MARUTI SUZUKI WAGON R
Tall Boy shots have been fired, and this time it's not a pistol but a double-barrel shotgun!
AFTER TWENTY YEARS AND 2.2 million units, Suzuki is back with the latest iteration of the Wagon R. And unlike the rest of the world, India will get a uniquely Indian version that is based on the Heartect platform underpinning the Baleno, Ignis, Swift, Dzire and the recently launched Ertiga. Quick comments? The third- gen Wagon R has gotten bigger, wider and longer. But that's not all, Maruti Suzuki is now offering two engine and transmission options. With so much going for it, the Wagon R means business. And without killing suspense I have to tell you the Kwid, Redi-Go, Santro, Celerio, even the Tiago should be worried.
What’s it about?
Another addition to Maruti Suzuki's portfolio of supersellers! The burgeoning A2 segment was recently hit by the Santro storm. Now it's Maruti's turn to strike back, and to kill quite a few birds with one stone, they are offering the Wagon R with not one but two engines. The 998cc K10B, 3-cylinder petrol from Celerio makes 67bhp and 90NM, while the more powerful 1197cc K12M motor from the Swift
Believe it or not, the Wagon R has a better power-toweight ratio than the Polo GT TSI!
churns out a healthy 82bhp and 113Nm. While the 1-litre K10B will take the fight to the likes of Datsun Redi-Go and Reanult Kwid 1-litre, the 1.2-litre K12M will slug it out with the classleading (when it comes to power) Tata Tiago.
The Heartect platform has been tweaked as well, keeping the Wagon R's ‘maximum space, maximum utility' credo in mind. The front track has been widened by 140mm, while the rear is wider too by 150mm. Similarly, the wheelbase has gone up by 35mm, as compared to the previous generation. The result is a cabin that's 120mm wider, both at the front and the rear, with front legroom increased by 20mm and the rear legroom longer by 10mm. All this makes the cabin a lot more spacious and airy. Even the dashboard is all new, with good quality panels. The cluster, which may remind you of the Ritz's rounded panels, looks contemporary and the centrally mounted touchscreen is compatible with both Android Auto and Apple CarPlay. The steering wheel is nice to hold and comes with mounted controls. The ergonomics are spot on too, like most other Marutis. I'd have liked a more responsive touchscreen but the in-built navigation system it runs is really detailed and works well.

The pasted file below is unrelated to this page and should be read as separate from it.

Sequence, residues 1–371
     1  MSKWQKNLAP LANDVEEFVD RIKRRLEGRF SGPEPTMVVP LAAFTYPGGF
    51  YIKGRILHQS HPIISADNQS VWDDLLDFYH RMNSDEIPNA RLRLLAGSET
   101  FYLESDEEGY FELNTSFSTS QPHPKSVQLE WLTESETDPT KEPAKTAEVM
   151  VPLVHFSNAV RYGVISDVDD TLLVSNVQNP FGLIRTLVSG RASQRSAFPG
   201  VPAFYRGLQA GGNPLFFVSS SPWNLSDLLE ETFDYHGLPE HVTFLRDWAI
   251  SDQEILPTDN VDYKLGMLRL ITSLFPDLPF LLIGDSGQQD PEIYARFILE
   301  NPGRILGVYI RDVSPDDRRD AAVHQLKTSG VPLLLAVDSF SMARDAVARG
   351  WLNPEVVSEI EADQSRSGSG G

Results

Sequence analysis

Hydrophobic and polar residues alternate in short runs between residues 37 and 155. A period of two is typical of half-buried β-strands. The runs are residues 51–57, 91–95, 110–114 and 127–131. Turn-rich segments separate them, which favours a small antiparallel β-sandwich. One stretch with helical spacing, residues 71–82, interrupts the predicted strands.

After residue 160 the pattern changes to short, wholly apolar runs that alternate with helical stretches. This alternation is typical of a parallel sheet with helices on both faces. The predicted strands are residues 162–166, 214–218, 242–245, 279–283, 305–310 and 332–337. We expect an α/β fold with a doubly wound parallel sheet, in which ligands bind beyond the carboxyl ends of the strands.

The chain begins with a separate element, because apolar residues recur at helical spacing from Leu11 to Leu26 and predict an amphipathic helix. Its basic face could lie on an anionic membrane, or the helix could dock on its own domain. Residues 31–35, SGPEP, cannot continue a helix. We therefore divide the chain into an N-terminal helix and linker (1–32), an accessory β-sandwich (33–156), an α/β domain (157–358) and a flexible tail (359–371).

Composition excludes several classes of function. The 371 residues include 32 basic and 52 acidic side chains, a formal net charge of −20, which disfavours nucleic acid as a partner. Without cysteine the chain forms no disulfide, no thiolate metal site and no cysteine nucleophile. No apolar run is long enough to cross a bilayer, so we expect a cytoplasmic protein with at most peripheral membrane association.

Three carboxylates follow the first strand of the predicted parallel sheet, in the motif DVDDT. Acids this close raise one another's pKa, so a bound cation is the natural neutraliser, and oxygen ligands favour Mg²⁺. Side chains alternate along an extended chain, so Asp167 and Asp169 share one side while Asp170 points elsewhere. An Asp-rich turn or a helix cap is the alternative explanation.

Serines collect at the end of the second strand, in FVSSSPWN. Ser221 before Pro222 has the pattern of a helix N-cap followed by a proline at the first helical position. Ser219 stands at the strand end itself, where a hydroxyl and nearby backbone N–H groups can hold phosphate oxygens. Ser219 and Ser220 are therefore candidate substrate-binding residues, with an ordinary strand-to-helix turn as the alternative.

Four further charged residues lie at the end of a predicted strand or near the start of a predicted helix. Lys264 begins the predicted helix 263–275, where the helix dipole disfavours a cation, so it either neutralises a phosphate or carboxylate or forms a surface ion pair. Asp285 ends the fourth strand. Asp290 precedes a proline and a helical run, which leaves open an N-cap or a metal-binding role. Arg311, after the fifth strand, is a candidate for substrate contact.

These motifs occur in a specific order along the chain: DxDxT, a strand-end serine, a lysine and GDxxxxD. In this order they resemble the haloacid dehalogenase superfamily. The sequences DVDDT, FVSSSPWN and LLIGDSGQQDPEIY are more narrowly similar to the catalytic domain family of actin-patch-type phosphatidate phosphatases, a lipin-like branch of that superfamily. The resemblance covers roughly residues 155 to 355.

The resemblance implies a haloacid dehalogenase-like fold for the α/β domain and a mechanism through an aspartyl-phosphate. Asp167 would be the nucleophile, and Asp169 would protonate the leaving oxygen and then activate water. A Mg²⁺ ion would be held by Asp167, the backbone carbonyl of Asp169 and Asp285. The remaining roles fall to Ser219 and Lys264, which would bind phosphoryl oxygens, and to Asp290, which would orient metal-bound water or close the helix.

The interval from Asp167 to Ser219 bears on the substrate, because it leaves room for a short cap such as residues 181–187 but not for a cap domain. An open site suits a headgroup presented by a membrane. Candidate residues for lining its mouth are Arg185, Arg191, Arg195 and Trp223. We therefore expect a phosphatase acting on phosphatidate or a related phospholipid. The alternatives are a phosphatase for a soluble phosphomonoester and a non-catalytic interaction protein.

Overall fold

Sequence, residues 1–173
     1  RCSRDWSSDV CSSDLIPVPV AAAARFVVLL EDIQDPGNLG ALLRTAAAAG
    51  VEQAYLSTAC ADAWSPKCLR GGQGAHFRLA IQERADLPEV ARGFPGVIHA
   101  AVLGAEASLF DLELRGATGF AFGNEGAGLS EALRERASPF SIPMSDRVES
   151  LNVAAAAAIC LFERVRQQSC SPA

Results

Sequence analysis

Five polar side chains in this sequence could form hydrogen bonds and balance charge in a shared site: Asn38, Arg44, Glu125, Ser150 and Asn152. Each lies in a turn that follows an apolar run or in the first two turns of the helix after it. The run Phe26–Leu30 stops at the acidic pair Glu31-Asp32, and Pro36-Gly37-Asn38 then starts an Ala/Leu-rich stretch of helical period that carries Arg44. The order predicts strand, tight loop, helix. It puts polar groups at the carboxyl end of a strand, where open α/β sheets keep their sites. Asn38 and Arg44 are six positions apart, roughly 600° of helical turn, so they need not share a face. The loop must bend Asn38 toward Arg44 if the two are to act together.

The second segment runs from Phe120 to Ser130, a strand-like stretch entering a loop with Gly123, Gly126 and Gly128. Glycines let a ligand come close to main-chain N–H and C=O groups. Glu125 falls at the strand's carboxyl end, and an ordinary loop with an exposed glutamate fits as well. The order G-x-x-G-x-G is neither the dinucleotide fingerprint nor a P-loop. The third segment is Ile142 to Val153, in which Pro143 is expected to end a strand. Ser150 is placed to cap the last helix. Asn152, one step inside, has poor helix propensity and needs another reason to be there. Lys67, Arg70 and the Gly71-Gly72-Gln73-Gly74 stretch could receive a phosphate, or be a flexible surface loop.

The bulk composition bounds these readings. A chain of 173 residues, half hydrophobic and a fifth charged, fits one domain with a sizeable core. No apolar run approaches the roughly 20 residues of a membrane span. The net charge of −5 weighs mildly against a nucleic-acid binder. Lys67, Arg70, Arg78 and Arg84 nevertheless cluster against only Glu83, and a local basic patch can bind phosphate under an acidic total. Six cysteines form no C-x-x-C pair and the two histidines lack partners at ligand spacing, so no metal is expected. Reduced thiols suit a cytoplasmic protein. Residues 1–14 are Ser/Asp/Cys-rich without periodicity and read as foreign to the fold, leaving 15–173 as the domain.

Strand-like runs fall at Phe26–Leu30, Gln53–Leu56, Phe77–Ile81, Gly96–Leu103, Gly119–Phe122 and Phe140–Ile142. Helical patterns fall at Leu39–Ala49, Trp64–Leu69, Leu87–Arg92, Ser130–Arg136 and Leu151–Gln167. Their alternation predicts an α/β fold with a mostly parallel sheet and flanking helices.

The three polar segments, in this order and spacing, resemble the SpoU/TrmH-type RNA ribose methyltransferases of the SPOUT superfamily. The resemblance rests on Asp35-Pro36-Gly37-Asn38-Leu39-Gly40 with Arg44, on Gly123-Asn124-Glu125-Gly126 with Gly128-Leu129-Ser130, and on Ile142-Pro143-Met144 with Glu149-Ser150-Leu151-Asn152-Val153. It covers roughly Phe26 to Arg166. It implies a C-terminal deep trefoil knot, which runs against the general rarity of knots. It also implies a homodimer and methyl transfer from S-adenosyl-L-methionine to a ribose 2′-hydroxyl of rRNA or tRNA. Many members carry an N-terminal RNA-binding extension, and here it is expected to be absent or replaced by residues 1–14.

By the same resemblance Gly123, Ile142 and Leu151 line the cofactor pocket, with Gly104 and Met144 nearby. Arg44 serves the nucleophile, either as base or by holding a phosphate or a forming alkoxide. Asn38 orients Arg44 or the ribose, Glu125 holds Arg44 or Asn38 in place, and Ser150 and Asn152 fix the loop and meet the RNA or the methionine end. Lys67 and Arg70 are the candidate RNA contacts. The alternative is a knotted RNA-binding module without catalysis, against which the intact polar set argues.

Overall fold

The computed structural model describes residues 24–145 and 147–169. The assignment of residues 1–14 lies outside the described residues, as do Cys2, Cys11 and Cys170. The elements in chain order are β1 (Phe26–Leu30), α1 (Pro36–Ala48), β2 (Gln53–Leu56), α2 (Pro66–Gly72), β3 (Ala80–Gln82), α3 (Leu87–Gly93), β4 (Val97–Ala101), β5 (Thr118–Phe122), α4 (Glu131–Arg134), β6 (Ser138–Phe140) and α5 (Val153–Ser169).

Moving on to styling, the Wagon R gets a lot more rounded elements. The massive split headlamps flank the curvy bonnet while the grille gets a tiny garnish of chrome. The wheel arches are sculpted and the doors come with rounded edges. The C-pillar is massive while the blackened B-pillar gives it a floating roof element. At the rear, is where it gets radical, with the taillights resembling the new Ertiga (or even the Mahindra E2O Plus), while the overall design looks very similar to, what else, the Ritz. Hate it or love it, you'll simply not be able to ignore its ‘tall boy' silhouette.
How’s it to drive?
Our short drive took us through the tiny streets of Udaipur and then on to the highway to Jaipur. We sampled, and were equally impressed, by both the 5-speed manual and
5-speed AMT variants of the 1.2-litre engine (the 1-litre was not available). Believe it or not, the Wagon R has a better power-to-weight ratio than the Polo GT TSI! With 98bhp/ tonne, she feels responsive and even gets you some wheel-spin in the first gear. There is no lack of power all through the rev range which extends up to a healthy 5500rpm. Like all K-Series engines, it's very rev-happy and loves to be taken to the limit. However, once past 100kmph, the Wagon R seems to struggle, courtesy its not-so-aerodynamic body. But until then, everything seems well under control. In fact, it's quick, to say the least. I can't wait to put it through some VBox tests.
Ride and handling hasn't been a talking point when it comes to Maruti Suzukis, but lately things have started going in the right direction. The ride quality is superb on the Wagon R! Bumpy roads hardly deter the tall boy and it feels very planted, almost like a European car at low speeds. That said, the handling is not something to write home about. It seems predictable but the tall-ish nature still lends it a lot of body roll, especially when you're pushing through a set of corners. Even the steering is lifeless and there's almost zero feedback, even at low speeds.
Should I get one?
As an overall package, the new Wagon R is stronger than ever. Additionally, with its option of two engines and drivetrains, it caters not only to family car buyers but also fleet owners, something that will surely bring customers to Maruti Suzuki showrooms by the dozen. It offers a big increment in space, comes loaded with features and has really commendable ride quality. The base LXi variant, priced at 4.19 lakh, is still about 30,000 costlier than the Santro, but the large list of variants keeps it right there in the mix. It still misses on the rear parking camera and the rear air-con vent, but it more than makes up with the lovely 1.2-litre engine. But the question is, would you really need so much power in a car that's ideally meant to take families from point A to point B? If I were to buy one, I'd probably look at the 1-litre ZXi auto.
Well then, all things considered, it all boils down to this – will the Maruti Suzuki Wagon R become the best-selling car in the country? Let's wait and watch. ⌧
Facing page, bottom: Dashboard is well laid out and feels premium. Above: Tacho is standard only on the ZXi variant; 5-speed auto has a high IQ unlike other boxes
Above: 1.2-litre motor gives it a power-to-weight ratio of 98bhp/tonne! Below: Funky rear-end may not appeal to everyone